The designated driver of the future? Tesla’s self-driving technology successfully navigates ‘drunk’ crooked lanes in California – as company reveals huge single-piece ‘casting’ robot that will ramp up production
- Tesla’s Full Self Driving Beta was able to deftly navigate a crooked ‘drunk’ lane on a street in Hollister, California
- The maneuver is another example of the success of Full Self Driving Beta, which has been rolled out to over 100,000 drivers in North America and Canada
- Tesla also released a video showing a gigantic casting machine at work its Gigafactory Texas
- The company has made such machines a big part of its overall strategy to simplify manufacturing as it rolls out more vehicles with fewer robots
Tesla’s Full Self Driving Beta was able to easily navigate a crooked ‘drunk’ lane over the weekend in a demonstration of the company’s ongoing quest to have its autonomous driving software widely adapted.
A street in Hollister, California was mistakenly painted incorrectly by a contractor after the city had redesigned the road to add bike lanes and traffic circles – the lines were meant to be curved and ended up in a strange, zigzag pattern – according to a report from KKTV.
The automaker on Monday unveiled massive new casting machines that will simplify the manufacturing process at its factories so that it can ramp up production and stay ahead of its competitors in the expanding electric vehicle space.
After the ‘drunk’ lanes were shared online, it was only a matter of time before a Tesla owner with FSD Beta uploaded a video onto Reddit showing the driver-assisted system deftly navigating the crookedly lined street.
The software system, which is just about to roll out version 10.13, kept a consistent speed and stayed within its own lane, even when the lanes weren’t typical.
At the same time, Tesla released footage of one of its robots pulling a large casting component from a Giga Press machine.
The powerful casting machines are a key part of Tesla’s strategy to simplify its manufacturing process and meet intense production goals amid the ongoing supply chain chaos.
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A street in Hollister, California was mistakenly painted incorrectly by a contractor after the city had redesigned the road to add bike lanes and traffic circles, seen above.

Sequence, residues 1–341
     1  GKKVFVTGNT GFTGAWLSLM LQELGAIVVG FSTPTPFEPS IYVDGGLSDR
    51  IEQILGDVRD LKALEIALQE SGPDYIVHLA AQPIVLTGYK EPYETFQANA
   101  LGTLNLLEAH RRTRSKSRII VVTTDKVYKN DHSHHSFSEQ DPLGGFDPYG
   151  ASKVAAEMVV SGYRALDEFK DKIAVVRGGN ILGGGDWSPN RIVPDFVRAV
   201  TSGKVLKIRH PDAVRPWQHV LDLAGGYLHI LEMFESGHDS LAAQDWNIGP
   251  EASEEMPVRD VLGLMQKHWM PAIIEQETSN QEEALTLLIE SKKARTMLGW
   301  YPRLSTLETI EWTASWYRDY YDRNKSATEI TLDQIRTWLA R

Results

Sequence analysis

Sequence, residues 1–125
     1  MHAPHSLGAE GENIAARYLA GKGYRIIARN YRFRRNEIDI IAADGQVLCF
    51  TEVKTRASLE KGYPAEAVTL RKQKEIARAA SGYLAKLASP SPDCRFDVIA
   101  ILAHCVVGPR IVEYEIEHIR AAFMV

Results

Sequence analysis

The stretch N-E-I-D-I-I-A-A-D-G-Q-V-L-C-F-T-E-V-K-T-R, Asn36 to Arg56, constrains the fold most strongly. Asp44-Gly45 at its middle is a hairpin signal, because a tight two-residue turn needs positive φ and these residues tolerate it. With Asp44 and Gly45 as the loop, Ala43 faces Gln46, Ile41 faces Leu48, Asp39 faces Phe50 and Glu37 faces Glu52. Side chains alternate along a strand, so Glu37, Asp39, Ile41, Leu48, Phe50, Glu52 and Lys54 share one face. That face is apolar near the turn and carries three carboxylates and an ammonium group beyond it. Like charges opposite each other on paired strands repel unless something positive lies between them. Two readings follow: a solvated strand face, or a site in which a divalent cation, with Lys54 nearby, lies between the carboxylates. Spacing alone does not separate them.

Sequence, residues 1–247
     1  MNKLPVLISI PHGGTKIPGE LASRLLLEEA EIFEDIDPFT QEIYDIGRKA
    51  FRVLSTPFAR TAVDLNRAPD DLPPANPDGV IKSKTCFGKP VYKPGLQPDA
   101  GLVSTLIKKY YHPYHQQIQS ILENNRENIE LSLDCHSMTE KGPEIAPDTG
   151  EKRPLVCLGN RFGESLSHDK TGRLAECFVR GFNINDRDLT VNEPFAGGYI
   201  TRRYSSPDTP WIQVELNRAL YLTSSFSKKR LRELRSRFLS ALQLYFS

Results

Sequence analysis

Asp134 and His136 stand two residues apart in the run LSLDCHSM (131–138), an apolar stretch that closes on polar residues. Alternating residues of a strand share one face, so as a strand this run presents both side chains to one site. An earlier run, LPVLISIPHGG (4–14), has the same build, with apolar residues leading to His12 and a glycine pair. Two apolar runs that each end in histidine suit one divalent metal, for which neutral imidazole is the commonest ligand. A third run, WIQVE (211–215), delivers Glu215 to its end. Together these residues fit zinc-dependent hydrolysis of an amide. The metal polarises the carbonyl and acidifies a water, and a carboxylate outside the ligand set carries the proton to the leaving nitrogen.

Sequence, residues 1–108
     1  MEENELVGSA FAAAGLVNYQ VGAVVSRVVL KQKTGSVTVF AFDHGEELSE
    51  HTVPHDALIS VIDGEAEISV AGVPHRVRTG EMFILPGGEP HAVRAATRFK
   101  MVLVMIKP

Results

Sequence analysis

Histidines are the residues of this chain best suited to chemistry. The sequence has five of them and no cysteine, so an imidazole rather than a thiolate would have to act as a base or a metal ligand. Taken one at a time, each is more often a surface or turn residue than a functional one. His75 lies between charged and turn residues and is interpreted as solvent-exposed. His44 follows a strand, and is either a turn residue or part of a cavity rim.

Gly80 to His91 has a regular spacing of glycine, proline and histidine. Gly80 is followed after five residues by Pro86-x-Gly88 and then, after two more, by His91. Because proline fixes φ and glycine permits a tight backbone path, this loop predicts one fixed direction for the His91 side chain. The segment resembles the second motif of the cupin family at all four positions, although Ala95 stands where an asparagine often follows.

Once the street was discovered by Tesla owners, it was only a matter of time before someone decided to test out Full Self Driving Beta on the crooked road
In the brief clip Tesla shared on Twitter, you can see the single part, which looks to be about one-quarter of an entire car body, come out of the press.
The firm’s first Giga Press has a clamping force of 55,000 to 61,000 kilonewtons, according to Electrek, which also notes that Tesla can produce the Model Y with ‘a single rear body piece that replaced 70 different parts in the vehicle.’
That was the first of several giant casting machines delivered to the company’s Gigafactory Texas and it’s planning to use the machines for its Cybertruck, Electrek reports.
The reason the machines have simplified the manufacturing process is because they’ve lowered the overall number of robots per unit of production capacity.
‘Our huge casting machines enable us to make full-size cars the same way toy cars are made,’ Tesla shared on Twitter.
CEO Elon Musk also explained the usefulness of the machines on Twitter:
‘Single-piece casting reduces weight, greatly simplifies factory, increases ride quality & reduces road noise,’ the billionaire said.
Tesla released a video, seen above, showing one of its massive casting machines
Tesla CEO Elon Musk shared his views on Twitter regarding the benefits of the gigantic casting machines, which have become a key part of the firm’s strategy to boost production
Tesla’s Full Self Driving Beta has traveled 35 million miles – collecting a gigantic amount of data that will further improve its capabilities – with most of those miles having been driven in the past seven months.
‘We have now deployed our FSD Beta with City Streets driving capability to over 100,000 owners – they’re very happy with the capability of the system and we’ll continue to improve it every week,’ CEO Elon Musk said during Tesla’s earnings call this week.
‘We’ve now driven over 35 million miles with FSD Beta.’
‘That’s more autonomous miles than any company we’re aware of, I think probably more than — it might be more than any — all other companies combined. So — and that mileage is growing exponentially.’
Nevertheless, Tesla is facing headwinds that include investigations into crashes and problems with production as it’s still impacted by economic forces that have wreaked havoc on supply chains worldwide.
The reason the machines have simplified the manufacturing process is because they’ve lowered the overall number of robots per unit of production capacity
‘Single-piece casting reduces weight, greatly simplifies factory, increases ride quality & reduces road noise,’ Musk said on Twitter
WHAT IS TESLA’S ‘GIGAFACTORY’?
Tesla’s latest Gigafactory in the United States is located in Austin, Texas near the Colorado River.
The factory’s name stems from ‘giga,’ a unit of measurement that represents billions.
One gigawatt hour is the equivalent of generating one billion watts for one hour — one million times that of one kilowatt hour.
The factory covers 2,500 acres with over 10 million square feet of factory floor and will be a manufacturing hub for Model Y and future home of Cybertruck.
That’s the equivalent to the entire world’s production in 2014.
New York City uses around 52 gigawatt hours of energy per year.
Tesla also operates extremely large factories in Nevada, New York, Berlin and Shanghai.
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